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The solar technology that is producing fresh drinking water in the desert

The future may find solar-powered desalination plants producing fresh water in the world’s most arid locations.
By kdespagniqz
Published Last updated This article is more than 2 years old.

California’s mega-drought has people worried about water. Combined with our looming fears of climate change, hydration anxiety has sunk into popular culture with films like  Young Ones in the US and Sand Storm in China–both set in a future where clean water becomes valuable contraband. Two of the hottest selling young adult novels now are entitled “The Water Wars” and “Drought,” and Stephanie Meyer, the creator of the Twilight series, recently optioned a drought dystopia screenplay called Not a Drop to Drink.

Our fear of losing access to clean water is as ancient as civilization. And for good reason: many of the pipes that carry water to the world’s biggest cities are almost as ancient, and in many cities these pipes and pumps have fallen into disrepair.

Fortunately, upgrading our water systems could prevent the fictional nightmare scenarios we fear most, reversing our waterless future.

The first major problem is waste. Upgrading infrastructure can save massive amounts of water. Intelligent water systems–like the solution developed through Hitachi’s partnership with OSIsoft (PDF)–can relay data about small leaks from pipes, pumps, and pressure-flow meters into one centralized system, which could someday dispatch warnings to repair crews, cars on the road, and local police, telling them to reroute in preparation of emergency repair work.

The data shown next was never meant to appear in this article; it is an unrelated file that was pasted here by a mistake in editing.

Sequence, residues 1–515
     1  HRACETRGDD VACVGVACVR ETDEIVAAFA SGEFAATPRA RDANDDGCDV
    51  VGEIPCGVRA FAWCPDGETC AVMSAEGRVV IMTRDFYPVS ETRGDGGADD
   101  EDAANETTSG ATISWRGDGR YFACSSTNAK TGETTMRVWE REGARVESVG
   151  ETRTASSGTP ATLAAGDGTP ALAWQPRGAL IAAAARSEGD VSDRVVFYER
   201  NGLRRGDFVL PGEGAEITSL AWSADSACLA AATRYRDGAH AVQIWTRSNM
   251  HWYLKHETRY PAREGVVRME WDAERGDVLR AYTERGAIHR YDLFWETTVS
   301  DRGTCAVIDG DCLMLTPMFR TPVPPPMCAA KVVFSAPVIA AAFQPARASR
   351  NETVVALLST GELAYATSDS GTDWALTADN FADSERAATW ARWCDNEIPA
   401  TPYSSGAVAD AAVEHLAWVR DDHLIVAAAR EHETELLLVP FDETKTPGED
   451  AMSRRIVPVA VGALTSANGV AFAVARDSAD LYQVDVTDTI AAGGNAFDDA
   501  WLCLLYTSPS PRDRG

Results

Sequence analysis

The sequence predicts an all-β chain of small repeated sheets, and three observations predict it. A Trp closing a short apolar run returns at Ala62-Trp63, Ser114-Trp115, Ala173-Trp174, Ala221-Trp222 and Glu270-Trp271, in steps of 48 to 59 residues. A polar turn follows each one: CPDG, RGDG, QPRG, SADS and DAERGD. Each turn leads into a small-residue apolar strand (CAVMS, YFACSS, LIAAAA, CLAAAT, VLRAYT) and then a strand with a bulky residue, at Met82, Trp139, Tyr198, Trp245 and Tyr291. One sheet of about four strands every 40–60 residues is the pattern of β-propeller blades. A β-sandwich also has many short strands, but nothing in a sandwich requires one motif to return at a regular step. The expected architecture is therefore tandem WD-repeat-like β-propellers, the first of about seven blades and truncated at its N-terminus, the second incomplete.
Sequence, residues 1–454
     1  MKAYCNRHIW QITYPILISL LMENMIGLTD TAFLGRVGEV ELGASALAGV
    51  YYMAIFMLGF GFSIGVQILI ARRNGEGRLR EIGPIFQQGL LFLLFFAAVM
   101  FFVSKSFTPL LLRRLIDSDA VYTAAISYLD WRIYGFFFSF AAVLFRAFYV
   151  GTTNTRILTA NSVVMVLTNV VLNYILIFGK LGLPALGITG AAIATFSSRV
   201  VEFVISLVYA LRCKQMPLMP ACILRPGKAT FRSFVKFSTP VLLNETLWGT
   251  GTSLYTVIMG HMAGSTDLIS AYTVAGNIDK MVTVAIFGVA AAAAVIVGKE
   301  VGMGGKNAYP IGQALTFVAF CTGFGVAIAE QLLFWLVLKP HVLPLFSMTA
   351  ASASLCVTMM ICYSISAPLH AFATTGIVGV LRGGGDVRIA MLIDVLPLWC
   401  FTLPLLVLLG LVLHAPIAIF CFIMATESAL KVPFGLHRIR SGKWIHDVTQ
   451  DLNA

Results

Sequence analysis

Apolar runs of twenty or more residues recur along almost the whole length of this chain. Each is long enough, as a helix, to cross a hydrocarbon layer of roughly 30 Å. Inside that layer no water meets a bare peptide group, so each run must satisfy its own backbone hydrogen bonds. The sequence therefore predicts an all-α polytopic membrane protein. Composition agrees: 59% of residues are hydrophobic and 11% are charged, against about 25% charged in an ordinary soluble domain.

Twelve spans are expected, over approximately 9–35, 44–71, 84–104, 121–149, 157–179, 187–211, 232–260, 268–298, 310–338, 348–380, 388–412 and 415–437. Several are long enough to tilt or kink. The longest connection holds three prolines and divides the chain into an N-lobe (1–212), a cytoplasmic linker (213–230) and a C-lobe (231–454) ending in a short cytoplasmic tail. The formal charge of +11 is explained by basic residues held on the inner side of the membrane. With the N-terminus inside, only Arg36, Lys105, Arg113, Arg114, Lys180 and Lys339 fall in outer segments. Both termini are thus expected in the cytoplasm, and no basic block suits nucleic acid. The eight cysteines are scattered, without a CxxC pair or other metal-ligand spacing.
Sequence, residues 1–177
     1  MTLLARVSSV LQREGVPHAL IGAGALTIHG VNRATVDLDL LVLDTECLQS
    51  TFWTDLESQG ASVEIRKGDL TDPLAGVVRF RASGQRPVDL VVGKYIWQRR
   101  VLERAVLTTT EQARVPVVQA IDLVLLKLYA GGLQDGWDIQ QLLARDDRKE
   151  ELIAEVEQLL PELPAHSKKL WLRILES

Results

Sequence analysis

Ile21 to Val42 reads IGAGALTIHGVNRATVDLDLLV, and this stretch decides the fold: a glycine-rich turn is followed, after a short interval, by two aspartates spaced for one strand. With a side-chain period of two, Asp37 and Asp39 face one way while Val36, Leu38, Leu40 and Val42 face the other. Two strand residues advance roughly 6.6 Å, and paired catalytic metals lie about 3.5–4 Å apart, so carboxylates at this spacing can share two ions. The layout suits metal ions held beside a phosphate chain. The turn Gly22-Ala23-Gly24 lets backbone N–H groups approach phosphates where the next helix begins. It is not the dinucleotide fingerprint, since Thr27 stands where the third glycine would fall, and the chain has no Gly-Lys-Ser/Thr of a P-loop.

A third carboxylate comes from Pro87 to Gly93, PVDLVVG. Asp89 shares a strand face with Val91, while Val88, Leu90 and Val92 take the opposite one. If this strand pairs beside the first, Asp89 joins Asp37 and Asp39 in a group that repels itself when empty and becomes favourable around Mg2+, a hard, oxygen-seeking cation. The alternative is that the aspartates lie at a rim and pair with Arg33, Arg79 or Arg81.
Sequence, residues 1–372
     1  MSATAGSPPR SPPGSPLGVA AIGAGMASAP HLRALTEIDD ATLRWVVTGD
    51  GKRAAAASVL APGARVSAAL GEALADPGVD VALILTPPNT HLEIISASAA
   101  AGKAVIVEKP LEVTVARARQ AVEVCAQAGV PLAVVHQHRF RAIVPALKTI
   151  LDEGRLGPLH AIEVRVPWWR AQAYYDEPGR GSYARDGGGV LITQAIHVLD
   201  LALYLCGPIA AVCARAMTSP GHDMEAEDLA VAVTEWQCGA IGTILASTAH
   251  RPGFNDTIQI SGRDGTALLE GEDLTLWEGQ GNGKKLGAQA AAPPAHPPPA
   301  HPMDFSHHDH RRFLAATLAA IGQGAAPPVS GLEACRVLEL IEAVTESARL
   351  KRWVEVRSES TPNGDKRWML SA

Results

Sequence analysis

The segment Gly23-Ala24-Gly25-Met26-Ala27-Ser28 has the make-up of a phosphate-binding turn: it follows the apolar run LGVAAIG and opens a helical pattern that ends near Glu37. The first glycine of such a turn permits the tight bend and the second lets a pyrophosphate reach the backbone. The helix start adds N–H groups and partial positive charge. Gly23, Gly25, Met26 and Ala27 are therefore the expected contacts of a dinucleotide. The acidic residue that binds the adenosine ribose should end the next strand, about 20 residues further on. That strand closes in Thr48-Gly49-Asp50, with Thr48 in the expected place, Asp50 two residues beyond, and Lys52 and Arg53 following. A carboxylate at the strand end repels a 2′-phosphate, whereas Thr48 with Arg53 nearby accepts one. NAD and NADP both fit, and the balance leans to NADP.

Smart infrastructure systems can also predict big breakages before they happen. By looking at patterns of leaks and repairs to a certain part of the grid, a smart water system could use historical data to predict where and when safety problems are most likely, allowing municipal workers to address problems before they disrupt the city.

Solar-powered desalination plants in arid locations without permanent water sources and little rainfall are also working against perpetual dryness. Hitachi developed this Social Innovation with The Environment Agency - Abu Dhabi to utilize the brackish and saline groundwater to produce fresh water that can be used for drinking and irrigation in the desert and remote areas where there is no water supply grid.

While this is good news, the situation is growing more complex as the environment in the American West gets more arid. Climate scientists believe California’s climate for the last 150 years has been exceptionally wet given the trends of the last 8,000 years, and adjusting to low-water conditions may become a permanent concern, even holding man-made causes aside.

If conditions continue, most reservoirs will never fill. Irrigated farm acreage will decline, and certain ecosystems will dry up. Urban and suburban water prices will skyrocket.

As water companies raise rates to meet demand, municipal governments will look to intelligent water systems to save enormous amounts of money while keeping homes and gardens green. Once in place, intelligent water-saving systems will continue to pay for themselves as the price of water rises over time. While our biggest concerns about hydration play out on the silver screens this year, with smart infrastructure, the future of water may not be so dramatic after all.

Read more about the efforts to preserve our global water supply at Hitachi’s Social Innovation site.

This article was produced on behalf of Hitachi by the Quartz marketing team and not by the Quartz editorial staff.

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